Thursday, May 27, 2010

Not Ohio

Last weekend, some friends and I went to Toledo, about 100 kms south of Madrid. Toledo is an incredible city with a very interesting history. After arriving at the beautiful Renfe station (national train company), we walked into the city. Toledo is surrounded on three sides by water. Once inside the city center, we hiked up and down and while looking for the Cathedral of Toledo, ended up at Alcazár, the old fortress to the left. Unfortunately, it is closed for repairs for 6 years while a museum is being installed. The outside is quite impressive though, and we could see the fortress while walking to the town from the train station.

We then made our way to the Cathedral of Toledo. While pictures are not allowed inside the cathedral, no one followed that rule. The cathedral was amazing - it is so large with so many ornate rooms that it is very easy to get lost inside. There were a couple really interesting parts of it (the knowledge was acquired from randomly joining various tour groups inside the cathedral). There is one section of the cathedral where red hats appear to be floating. Beneath these hats is where former cardinals are buried in the crypts that are beneath the cathedral. In another wing, there is a prayer area with red candles and a table with a glass top. People from all over the world have written various notes and prayers and slid the pieces of paper underneath the glass on the table. Towards the back of the cathedral, there is a door called the Door of Pardons. You are supposed to walk through the door and down the stairs into the cathedral to be pardoned, however, the door is never open, so.... Additionally, it is a lie that you cannot wear shorts inside. All the tourists (except us, of course) had shorts and t-shirts on in the 100 degree weather.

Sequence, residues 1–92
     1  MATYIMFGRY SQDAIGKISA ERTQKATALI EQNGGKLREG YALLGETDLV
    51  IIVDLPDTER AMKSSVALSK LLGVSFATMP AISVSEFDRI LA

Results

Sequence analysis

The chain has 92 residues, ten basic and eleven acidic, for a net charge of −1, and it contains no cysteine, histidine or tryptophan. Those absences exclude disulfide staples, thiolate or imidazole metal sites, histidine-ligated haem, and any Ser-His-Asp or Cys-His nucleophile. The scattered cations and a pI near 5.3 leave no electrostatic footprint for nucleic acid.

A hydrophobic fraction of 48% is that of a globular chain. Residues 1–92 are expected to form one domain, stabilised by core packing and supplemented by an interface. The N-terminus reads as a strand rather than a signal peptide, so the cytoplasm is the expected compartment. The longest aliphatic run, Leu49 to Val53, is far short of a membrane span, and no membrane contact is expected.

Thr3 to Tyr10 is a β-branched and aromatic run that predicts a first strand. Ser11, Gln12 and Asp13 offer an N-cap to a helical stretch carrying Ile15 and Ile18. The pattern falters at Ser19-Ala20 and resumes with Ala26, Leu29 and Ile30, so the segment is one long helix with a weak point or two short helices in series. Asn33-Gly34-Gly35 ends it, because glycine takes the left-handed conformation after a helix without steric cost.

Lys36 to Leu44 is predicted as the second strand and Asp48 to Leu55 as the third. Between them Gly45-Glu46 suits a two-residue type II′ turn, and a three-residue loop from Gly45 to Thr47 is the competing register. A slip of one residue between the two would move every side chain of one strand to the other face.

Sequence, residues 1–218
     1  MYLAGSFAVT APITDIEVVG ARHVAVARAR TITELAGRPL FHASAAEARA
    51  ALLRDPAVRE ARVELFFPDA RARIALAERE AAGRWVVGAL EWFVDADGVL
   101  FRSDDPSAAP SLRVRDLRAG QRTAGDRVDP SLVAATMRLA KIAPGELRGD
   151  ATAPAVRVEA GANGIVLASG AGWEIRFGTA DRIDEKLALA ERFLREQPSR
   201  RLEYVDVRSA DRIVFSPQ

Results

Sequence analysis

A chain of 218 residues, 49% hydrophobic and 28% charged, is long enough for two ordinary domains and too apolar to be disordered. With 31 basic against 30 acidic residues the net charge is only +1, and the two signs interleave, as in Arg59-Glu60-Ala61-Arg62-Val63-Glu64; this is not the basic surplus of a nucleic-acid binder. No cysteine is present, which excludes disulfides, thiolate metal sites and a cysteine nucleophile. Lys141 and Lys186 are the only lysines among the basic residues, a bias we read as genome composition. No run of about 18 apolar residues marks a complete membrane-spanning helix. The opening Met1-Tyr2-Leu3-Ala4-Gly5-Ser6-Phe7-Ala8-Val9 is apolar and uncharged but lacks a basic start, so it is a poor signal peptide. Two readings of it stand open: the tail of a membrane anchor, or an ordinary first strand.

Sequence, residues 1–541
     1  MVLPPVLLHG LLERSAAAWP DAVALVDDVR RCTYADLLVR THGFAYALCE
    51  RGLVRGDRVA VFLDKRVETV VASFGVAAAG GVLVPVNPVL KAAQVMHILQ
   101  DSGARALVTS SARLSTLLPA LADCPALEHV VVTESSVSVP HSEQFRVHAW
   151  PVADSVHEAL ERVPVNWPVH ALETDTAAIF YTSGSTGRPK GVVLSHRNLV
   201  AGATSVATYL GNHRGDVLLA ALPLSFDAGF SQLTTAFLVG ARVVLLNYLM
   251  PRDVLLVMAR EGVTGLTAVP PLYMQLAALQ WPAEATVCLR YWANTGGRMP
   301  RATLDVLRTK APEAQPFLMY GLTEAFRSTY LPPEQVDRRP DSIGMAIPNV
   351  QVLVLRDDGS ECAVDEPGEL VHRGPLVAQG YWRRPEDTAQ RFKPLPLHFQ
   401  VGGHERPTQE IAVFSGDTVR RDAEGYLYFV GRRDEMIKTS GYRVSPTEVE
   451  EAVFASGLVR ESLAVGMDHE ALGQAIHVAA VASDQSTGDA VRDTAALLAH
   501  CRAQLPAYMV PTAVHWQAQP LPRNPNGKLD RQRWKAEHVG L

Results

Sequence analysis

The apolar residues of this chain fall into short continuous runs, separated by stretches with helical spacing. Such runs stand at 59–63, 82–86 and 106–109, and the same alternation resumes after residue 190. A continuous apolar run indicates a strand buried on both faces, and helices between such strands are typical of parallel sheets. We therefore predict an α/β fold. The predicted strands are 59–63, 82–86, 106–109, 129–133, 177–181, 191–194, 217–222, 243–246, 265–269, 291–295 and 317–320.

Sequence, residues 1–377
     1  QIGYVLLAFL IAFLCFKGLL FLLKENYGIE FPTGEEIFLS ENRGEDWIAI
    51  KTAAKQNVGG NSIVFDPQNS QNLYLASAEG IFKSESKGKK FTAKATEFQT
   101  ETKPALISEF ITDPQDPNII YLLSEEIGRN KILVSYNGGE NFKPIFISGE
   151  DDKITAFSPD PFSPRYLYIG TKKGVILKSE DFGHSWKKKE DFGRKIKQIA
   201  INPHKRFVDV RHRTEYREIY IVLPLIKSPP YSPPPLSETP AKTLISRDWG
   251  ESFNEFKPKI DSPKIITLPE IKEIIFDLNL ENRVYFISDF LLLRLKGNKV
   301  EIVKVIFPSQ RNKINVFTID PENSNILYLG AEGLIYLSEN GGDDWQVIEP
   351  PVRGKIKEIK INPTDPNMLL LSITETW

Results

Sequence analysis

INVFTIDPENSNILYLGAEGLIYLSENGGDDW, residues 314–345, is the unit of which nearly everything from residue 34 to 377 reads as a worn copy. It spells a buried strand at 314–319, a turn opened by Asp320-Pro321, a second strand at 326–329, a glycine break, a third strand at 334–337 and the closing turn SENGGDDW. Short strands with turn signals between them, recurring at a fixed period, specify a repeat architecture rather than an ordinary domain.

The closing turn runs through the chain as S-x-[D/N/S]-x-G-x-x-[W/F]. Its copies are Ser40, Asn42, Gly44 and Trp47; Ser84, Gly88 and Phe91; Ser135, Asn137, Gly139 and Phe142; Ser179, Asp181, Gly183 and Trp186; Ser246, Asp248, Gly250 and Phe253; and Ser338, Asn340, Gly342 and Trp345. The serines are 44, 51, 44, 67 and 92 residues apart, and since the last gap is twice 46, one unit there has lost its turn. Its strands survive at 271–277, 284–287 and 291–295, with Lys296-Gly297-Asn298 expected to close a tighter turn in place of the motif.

After the cathedral, we walked around a bit and found a park with an incredible view of the valley and the town, as well as a huge rose garden. Then, we went to the church of Santo Tomé, where the famous El Greco painting is. The church is small but beautiful and the Greco painting was commissioned in honor of Don Gonzalo Ruiz de Toledo, a rich man in Toledo who paid for the renovation of the church and continued to support the church and its clergy. Upon his death, he asked to be buried in the most humble part of the church and his body was moved to the chapel in 1327 (see right). However, in 1562, his estate stopped paying the church. The church filed a lawsuit and won, then commissioning El Greco's painting where Don Gonzalo is being placed in his grave. After the church, we went to the Santa Cruz Museum. The outside of the building is beautiful, but the actual museum gallery inside has about 10 gigantic tapestries. This would be cool, except that the tapestries are very old and there are not any descriptions of them. However, the museum also has an incredible garden right outside.

Our last stop in Toledo was my favorite - the Mezquita Cristo de la Cruz (the Mosque of Christ on the Cross). Of the 10 mosques that used to be in Toledo, this is the only remaining one (there are still a couple synagogues, but we did not have time to visit these). The mosque is really small and, while it is not nearly as ornate as the cathedral, its history is fascinating. Its construction was ordered by Ahmad ibn Hadidi, a leading member of the ulema in Toledo at the time, and built by two architects: Musa ibn Ali and Sa'ada. The mosque was completed in 999. There is construction all around the mosque and I learned (once again by attaching myself to another person's tour) that there is a Christian graveyard that was discovered on the north side. Underneath the mosque, a 5 meter wide Roman road was found. Inside the main part of the mosque, there is a glass floor. It shows the excavation of a room discovered underneath that might have been a hermit's home or an additional level of the mosque. Inside the mosque, the original paint is flaking away, but one can still see some of the original Muslim artwork and calligraphy alongside the Christian paintings from when the Christians took over the Moors. َUnlike most other places, the mosque does not have a very museum-feel to it and you can walk around it as people did centuries ago (the cathedral has many sections gated off so that you can only view from a distance).


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